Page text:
real life

"I was naked, in the shelter of my bedroom and someone had just taken a photo of me."

It took me a few moments to realise what I was looking at. It was a warm Sunday night, I had had a shower and returned to my bedroom, dried off and jumped on my bed – comfortably naked in the shelter of my bedroom. The curtains were closed except over a small window, clearly above head-height which faced onto the street.

Something caught my eye and as I stared, I realised I was looking at the symbol of an apple iPhone in my window. The streetlight was reflecting off of it and I stared at it in confusion. It took a few moments for me to understand what was happening and then a flash went off. I’ve tried persuading myself since that it was something else, but I know what I saw. A camera flashes in a really specific way – a small burst, a pause and then an actual flash.

I was naked, at home, in the shelter of my bedroom and someone had just taken a photo of me.

I screamed and covered myself with a blanket. I couldn’t quite comprehend what had just happened nor did I want to. The entire episode from start to finish took less than 30 seconds but it was enough time to make me feel completely violated in my own home.

The irony is – I had just finished watching YOU on Netflix. I’ve heard criticism that the show romanticises stalking and I’m not claiming that this is what happened to me, but I can now attest to what it feels like to be watched without your consent.

Now, I’m struggling to sleep through the night so I’ve been staying in a housemate’s room because I don’t feel safe in mine. My breath catches when I look at that window and I’ve wasted hours wondering: who was it, why did they do it, what are they planning to do with that photo, how long will this hang over me. But more than that, how did they do it? Did they have ill-intentions and incredible timing that I happened to be naked when they took a photo or is this something much more nefarious.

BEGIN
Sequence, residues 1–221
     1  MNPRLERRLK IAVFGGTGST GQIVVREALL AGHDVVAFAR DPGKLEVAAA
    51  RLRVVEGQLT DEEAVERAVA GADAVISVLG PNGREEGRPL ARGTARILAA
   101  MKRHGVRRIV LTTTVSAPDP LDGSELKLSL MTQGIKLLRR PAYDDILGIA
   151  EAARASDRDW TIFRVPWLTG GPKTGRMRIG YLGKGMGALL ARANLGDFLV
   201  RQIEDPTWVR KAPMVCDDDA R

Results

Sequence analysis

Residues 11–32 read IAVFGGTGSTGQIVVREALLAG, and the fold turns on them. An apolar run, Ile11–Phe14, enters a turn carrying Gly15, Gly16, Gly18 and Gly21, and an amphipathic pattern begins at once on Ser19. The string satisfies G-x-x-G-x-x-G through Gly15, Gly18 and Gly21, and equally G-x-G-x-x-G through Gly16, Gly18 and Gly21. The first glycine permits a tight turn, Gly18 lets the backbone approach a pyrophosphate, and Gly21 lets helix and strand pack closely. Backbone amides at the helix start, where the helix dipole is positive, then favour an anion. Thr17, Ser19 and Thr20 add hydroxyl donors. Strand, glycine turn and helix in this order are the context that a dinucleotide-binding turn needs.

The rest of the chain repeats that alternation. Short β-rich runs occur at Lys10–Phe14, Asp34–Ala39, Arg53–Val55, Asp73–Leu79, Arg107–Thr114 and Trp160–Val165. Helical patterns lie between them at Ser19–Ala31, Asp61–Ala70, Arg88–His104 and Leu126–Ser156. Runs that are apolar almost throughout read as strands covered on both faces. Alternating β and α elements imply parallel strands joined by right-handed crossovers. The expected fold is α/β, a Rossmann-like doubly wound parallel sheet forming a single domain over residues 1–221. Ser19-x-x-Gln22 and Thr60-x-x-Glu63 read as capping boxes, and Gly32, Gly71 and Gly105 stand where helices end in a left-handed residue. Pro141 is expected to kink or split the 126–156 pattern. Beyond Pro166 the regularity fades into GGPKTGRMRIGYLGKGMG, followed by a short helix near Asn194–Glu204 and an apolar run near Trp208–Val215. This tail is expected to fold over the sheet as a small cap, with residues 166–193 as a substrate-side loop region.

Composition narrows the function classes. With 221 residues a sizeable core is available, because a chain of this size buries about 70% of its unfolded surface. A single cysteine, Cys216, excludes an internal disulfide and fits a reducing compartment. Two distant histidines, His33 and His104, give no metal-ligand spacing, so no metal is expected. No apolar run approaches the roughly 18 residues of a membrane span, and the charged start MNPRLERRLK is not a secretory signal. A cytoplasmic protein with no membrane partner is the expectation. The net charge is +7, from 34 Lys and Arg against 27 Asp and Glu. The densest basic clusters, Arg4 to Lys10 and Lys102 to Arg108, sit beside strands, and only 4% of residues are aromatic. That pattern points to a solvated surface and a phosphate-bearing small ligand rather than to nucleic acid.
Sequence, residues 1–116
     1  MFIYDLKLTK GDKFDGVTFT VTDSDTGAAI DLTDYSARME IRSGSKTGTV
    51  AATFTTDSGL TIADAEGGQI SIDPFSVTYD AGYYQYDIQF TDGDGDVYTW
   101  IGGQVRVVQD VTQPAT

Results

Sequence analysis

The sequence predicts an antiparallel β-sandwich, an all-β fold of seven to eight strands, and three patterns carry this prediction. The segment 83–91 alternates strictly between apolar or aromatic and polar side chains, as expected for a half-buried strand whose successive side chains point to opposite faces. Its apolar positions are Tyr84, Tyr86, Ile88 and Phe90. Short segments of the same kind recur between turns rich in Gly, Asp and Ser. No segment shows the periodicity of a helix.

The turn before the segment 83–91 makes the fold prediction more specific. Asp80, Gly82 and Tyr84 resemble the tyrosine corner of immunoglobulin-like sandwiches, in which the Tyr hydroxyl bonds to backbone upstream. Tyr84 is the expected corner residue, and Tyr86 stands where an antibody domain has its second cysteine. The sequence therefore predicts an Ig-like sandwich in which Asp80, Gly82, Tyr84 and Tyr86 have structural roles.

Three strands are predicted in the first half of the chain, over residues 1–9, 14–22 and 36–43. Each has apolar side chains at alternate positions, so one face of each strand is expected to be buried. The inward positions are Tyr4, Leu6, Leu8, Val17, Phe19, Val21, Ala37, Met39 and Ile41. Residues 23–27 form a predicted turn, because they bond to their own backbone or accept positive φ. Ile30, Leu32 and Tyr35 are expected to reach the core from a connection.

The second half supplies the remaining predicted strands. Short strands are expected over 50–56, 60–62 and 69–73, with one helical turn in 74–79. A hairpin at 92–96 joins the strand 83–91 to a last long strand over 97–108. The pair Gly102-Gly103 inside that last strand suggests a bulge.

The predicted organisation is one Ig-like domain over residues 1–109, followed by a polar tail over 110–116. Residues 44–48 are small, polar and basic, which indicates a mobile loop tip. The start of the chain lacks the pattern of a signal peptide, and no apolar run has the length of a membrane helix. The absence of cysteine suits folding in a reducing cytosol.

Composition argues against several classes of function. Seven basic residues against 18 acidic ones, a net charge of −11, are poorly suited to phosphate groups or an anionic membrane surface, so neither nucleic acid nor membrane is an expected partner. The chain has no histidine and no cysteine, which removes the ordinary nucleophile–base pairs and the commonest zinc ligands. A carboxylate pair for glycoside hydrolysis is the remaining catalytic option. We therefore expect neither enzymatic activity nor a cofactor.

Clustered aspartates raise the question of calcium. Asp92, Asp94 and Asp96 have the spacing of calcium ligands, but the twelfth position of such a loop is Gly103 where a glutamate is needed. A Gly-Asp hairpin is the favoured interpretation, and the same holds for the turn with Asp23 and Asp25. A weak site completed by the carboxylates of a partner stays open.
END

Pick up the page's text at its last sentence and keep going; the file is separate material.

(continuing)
I’m writing this now because this morning, I called the police whilst walking to work. I had delayed calling for two days because I knew there was nothing they could do and I didn’t want to re-live it. There’s no security cameras around my house, I didn’t see who it was nor do I have the faintest idea. This was not a physical attack and the police have a mountain of other problems. I don’t blame the officer for telling me that while they’ll pass it onto the detective unit, they doubt they will be able to do anything. But I absolutely hated hearing. To say that this upset me is an understatement.

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I got to the office feeling a lump in my throat. I sat at my computer, opened my emails, put headphones on and tried listening to something calming- I needed to breathe. I didn’t last ten minutes before I could feel myself on the verge of bursting into tears so quickly ran to the bathroom. I don’t know how long I hid there but I wasn’t ready for my workmates to see teary eyes and a puffy face and to ask the inevitable questions.

While I sat on the toilet, the only thing I could think is how unfair this is. I didn’t do anything wrong and yet some anonymous asshole had made me feel like this: completely violated, utterly vulnerable and afraid. This is not a particularly newsworthy event, but it’s left me wondering how many women are forced to feel like this every day whilst simply trying to live our lives. I’m tired of my guard and I’m tired of my fear.

After a shower, I get changed in my bathroom now. When I’m walking to work, I stare at anyone who stares at me too long- wondering who it was who has a photo of me on their phone and what they’re doing with it now. Did they gloat to their friends? Or was it a secret- because deep down, you knew it was wrong too?

For a few days, I wondered what I could’ve done differently but here’s the thing: I didn’t do anything wrong. I was in my house, I was not visible without considerable effort, I should never have experienced what I did. Women are the victims of men’s violence and I’m tired of being told that we are the ones who have to change.

If this post brings up any issues for you, or if you just feel like you need to speak to someone, please call 1800 RESPECT (1800 737 732) – the national sexual assault, domestic and family violence counselling service. It doesn’t matter where you live, they will take your call and, if need be, refer you to a service closer to home.

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